Nakaya's handwriting style analyzer device: The Sadao Watanabe
In operation, the Watanabe device employs two eyes operable as scanners that scan a user as s/he is writing with a pen. Images from the scan are converted into signals used by the brain of the Watanabe device. The brain includes a database that is updated based on constant input over many years. As such, the brain is termed a "learning brain."

Also unique to the Watanabe device is its ability to ask verbal questions should any of the input information from the scan be unclear, or should the user desire a nib/feed set-up that is non-standard. What really distinguishes the Watanabe device from the computer handwriting analyzer is that the Watanabe device is operable to perform maintenance on the pen based on the results of the scan and the user input, a feature not present on the newer, computer handwriting analyzer.

Mr. Uehara on foot-powered lathe
One highlight of the fair was seeing first hand the tools used by the handmade pen makers. In both cases, Mr. Kohsuke Matsubara of Nakaya and Mr. Eiichi Uehara of Ohashi-do utilized old lathes that were powered by their feet. Of course, like good craftsman, they also sharpened their lathe tools by themselves before beginning their work. Norm Abram would be proud. Using his lathe, Mr. Matsubara demonstrated how threads were placed on the barrel of a pen, seemingly making it look easy and proudly offering us his magnifier so that we could examine the results close up. It's really a delight to meet these craftsman in person. They not only are welcoming, but from their smiles and laughter, one can appreciate that they are truly lucky in finding a profession that has made them happy for many decades.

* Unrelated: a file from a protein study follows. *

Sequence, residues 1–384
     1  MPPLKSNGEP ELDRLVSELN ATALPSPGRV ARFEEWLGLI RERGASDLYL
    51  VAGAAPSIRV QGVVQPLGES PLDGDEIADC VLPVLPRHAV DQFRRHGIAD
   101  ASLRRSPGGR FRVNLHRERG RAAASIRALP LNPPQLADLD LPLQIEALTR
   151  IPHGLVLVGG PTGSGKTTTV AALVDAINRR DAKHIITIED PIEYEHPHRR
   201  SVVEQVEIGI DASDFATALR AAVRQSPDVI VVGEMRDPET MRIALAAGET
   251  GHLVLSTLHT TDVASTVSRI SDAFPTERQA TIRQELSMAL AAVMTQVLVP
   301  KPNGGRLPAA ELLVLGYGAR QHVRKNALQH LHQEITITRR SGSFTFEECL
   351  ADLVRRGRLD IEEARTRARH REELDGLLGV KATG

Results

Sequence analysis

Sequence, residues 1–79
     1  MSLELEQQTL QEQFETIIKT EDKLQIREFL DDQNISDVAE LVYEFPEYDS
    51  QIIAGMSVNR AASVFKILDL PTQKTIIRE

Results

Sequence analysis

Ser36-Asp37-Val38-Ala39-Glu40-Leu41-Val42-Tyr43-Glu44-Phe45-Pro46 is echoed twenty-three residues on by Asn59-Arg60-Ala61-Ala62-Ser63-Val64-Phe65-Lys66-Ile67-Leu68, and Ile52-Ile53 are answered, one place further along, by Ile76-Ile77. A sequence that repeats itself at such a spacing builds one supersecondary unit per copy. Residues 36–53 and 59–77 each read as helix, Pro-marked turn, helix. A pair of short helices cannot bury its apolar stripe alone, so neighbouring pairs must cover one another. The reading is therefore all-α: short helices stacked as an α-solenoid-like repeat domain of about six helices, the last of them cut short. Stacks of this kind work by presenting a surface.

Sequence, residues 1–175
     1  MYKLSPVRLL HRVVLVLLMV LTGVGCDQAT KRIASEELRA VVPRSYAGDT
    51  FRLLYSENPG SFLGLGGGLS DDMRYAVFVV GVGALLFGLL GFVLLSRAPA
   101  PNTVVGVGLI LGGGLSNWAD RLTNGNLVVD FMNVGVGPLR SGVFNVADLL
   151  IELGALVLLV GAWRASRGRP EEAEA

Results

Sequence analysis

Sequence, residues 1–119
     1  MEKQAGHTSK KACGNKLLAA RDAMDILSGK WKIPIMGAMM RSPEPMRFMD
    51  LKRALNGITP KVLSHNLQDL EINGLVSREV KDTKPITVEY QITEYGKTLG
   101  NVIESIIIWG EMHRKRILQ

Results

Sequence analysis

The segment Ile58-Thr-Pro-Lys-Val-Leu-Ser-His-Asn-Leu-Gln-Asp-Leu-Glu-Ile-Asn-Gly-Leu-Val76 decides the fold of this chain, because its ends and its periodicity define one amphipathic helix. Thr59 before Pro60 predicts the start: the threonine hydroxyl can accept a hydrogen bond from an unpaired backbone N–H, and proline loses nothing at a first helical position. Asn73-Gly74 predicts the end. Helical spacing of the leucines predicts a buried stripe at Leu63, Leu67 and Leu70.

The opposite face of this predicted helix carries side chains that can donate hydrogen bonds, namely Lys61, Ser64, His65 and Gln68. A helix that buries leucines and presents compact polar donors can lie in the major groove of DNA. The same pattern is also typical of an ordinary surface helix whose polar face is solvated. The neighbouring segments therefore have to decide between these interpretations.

Also on display at the Fair were Japanese Maki-e pens. Maki-e is a Japanese lacquer technique ornamented with use of gold powder. As explained to Mikiko and I at an earlier Pen Fair in March by a Namiki Maki-e artist, Japan was once referred to as "a land of gold" on voyage notes by Marco Polo. It is suggested that these entries were made partly because of the many Maki-e daily goods, such as wooden boxes, in use at that time.

Bamboo pen at the Sailor booth. The gold plate is engraved with the name of the Pen Master who created it, Mr. Nagahara
Further, most of the larger, well known fountain pen manufacturers were present at the Fair displaying pens made from materials as diverse as ebonite, bamboo, "precious resin", leather, metals, etc. - some of these pens making me question if one would (or even could) ever use them for writing purposes because of their elaborate jewelry. One pen that we did admire, however, was a Mr. Uehara handmade urushi creation capped with pre-ban ivory.

Finally, besides the opportunity to have your pens worked-on and adjusted by the pen representatives at no cost, the Pen Fair allows one to try out most of the pens on display with the pen representatives happily assisting you. This is very helpful in being able to compare several pens and nib sizes during the same day. Also greatly admired is the cultural aspect of Japanese society where many representatives openly display their pens for one to try, with no expectation (or chance for that matter) that they would be taken.

It was a long, but rewarding day. I am thankful to my new friends Mikiko Yamamoto and Russ Stutler for their help in preparing this report, and especially for the fun day!